Bad Education (unrated) Pedro Almodóvar. A movie within a movie by Spanish director Pedro Almodóvar, who displays his usual strengths -- zest, humor, visual beauty -- and weaknesses, including the failure to acknowledge the gravity of his subject. A young actor (Gael García Bernal) appears at the home of a childhood friend, now a film director (Fele Martinez), with a manuscript. The director reads the manuscript and discovers that it tells the tale of the two men as boys, at school, where they fell in love. But the actor is not what he seems, and a tale of sexual abuse by a priest morphs into a twisted plot of identity deception and manipulation. Bad Education sees itself as noir, but the material knows better, persisting in emotional depth despite the stylized trappings foisted upon it. The movie begins as a comedy, morphs into drama and only belatedly introduces its noirish subterfuge, cunning and death -- none of which is necessary or welcome. There is a great deal of life in Bad Education, and also promise, but its creepy ending betrays its emotional core. Screens as part of the St. Louis International Film Festival at 7:30 p.m. Friday, November 19, at the Tivoli. (Melissa Levine)
Distant (unrated) Nuri Bilge Ceylan. This quietly effective study of isolation and loneliness walked off with the Grand Prize at the 2003 Cannes Film Festival (its two leads shared the top actor prize as well). It concerns Mahmut, a melancholy photographer who is bored with his uninspired commercial assignments and pines for his ex-wife. Lonely and bitter, but seemingly unwilling to change his situation, he finds his solitude invaded by his cousin Yusuf, who has come to Istanbul in the hopes of finding a job. Uncertain how to go about looking for work -- or perhaps too lazy -- Yusuf wanders around aimlessly, his very presence an irritant to Mahmut. Although the two rarely speak, they quickly get on one another's nerves. Told in lengthy, static shots, with little dialogue but much ambient sound, the film beautifully captures the frustration, ennui and despair of two embittered souls who find themselves stuck in life but unable to move forward -- or even to share their sadness with each other. In Turkish with English subtitles. Screens as part of the St. Louis International Film Festival at 9:45 p.m. Wednesday, November 17, and at 5 p.m. Friday, November 19, at the Tivoli. (Jean Oppenheimer)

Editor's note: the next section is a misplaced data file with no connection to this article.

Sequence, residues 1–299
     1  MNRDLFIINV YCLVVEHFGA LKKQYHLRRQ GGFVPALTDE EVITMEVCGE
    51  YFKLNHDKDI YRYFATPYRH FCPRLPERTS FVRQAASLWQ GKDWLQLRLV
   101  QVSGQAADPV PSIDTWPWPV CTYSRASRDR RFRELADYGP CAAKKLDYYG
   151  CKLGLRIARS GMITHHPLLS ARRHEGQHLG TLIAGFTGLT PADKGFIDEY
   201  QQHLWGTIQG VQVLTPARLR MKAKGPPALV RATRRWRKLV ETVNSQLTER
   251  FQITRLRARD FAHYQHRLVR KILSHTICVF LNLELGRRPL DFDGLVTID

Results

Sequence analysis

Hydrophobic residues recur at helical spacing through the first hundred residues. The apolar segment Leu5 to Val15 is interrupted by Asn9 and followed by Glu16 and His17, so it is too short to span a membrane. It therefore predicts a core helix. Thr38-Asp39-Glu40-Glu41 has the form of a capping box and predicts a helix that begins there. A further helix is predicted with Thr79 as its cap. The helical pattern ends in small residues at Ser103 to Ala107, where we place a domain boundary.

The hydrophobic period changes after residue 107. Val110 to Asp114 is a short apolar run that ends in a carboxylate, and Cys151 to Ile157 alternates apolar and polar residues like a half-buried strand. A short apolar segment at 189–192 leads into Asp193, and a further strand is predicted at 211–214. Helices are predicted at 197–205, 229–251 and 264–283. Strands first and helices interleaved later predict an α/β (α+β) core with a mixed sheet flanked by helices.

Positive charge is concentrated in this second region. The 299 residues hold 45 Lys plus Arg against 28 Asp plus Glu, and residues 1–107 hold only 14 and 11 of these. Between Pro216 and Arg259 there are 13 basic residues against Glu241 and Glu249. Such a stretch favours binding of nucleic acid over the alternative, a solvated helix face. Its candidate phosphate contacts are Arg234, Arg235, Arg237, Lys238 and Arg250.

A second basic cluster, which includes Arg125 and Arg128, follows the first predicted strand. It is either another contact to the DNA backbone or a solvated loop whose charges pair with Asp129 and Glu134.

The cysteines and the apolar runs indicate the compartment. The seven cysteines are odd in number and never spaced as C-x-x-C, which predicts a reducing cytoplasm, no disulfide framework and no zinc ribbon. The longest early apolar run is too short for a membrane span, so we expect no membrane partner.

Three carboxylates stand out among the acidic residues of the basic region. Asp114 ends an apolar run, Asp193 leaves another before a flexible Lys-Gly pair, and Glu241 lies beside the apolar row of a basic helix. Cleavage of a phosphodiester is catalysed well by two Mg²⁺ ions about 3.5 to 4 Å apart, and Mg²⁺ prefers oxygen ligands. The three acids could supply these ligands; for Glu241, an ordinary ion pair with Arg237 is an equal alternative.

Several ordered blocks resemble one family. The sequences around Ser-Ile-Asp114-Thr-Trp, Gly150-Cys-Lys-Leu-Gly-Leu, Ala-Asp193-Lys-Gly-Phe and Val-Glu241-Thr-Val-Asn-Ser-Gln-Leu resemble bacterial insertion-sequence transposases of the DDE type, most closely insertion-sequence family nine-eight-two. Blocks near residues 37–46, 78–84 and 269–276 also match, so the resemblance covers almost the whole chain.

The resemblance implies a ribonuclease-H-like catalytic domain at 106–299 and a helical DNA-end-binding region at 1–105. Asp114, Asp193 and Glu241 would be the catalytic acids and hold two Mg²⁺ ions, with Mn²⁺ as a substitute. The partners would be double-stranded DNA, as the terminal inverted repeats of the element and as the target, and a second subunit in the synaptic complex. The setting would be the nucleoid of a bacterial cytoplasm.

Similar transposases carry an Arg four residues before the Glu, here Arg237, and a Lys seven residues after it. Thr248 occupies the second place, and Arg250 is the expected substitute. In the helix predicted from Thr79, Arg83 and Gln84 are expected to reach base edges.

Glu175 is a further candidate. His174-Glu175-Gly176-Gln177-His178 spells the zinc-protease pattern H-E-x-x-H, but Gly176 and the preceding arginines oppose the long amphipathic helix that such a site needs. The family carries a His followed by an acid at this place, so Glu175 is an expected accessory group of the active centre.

Last Goodbye (unrated) Jacob Gentry. A thoroughly engrossing, nonlinear, darkly comic cliffhanger by Atlanta filmmaker Jacob Gentry that should be required viewing for aspiring local filmmakers. Gentry turns Atlanta into a southeastern version of Tinseltown, complete with a burning romance between a rock star and a TV starlet whose character is loosely (and rather hilariously) based on Buffy the Vampire Slayer. Turns out theirs is a love quadrangle, with a has-been, alcoholic stage actor and a jailbait-Avril Lavigne type getting emotionally dumped on by the aforementioned duo. Short but sterling appearances by David Carradine and Faye Dunaway lend considerable gravitas to this infectiously peculiar indie genre-buster, which makes cosmopolitan Atlanta look as ice-cool as Gotham City. Had David Lynch directed the overlooked Southern psychedelic gem Big Bad Love, this is about what you'd get, and the gettin' is really, really good. Screens as part of the St. Louis International Film Festival at 9:45 p.m. Friday, November 19, at the Tivoli. (Mike Seely)
National Treasure Jon Turteltaub. (PG) Nic Cage, now wholly bereft of charisma or charm, plays Benjamin Franklin Gates, who comes from a long line of treasure-hunters charged with locating and keeping safe a bounty that dates back to the building of the pyramids, the first Crusades, and the Revolutionary War. It's up to Benjamin to redeem the family name -- by, in this case, stealing the Declaration of Independence, which has on its back an invisible map revealed only when it's doused in lemon juice, warmed with a hair dryer, and viewed through 3D glasses Benjamin Franklin left in a brick in a wall outside Independence Hall in Philadelphia. Benjamin's nemesis is baddie Ian Howe (Sean Bean), who's always one step ahead of him because, well, "he has unlimited resources and he's smart." It's but one of copious nonsensical explanations used to fill in gaping plot holes in a rare Jerry Bruckheimer movie that's not even dumb enough to qualify as a guilty pleasure. It's just guilty of being too boring to believe. Opens Friday, November 19, at multiple locations. (Robert Wilonsky)
The SpongeBob SquarePants Movie Sherm Cohen, Stephen Hillenburg and Mark Osborne. (PG) Opens Friday, November 19, at multiple locations. Reviewed in this issue.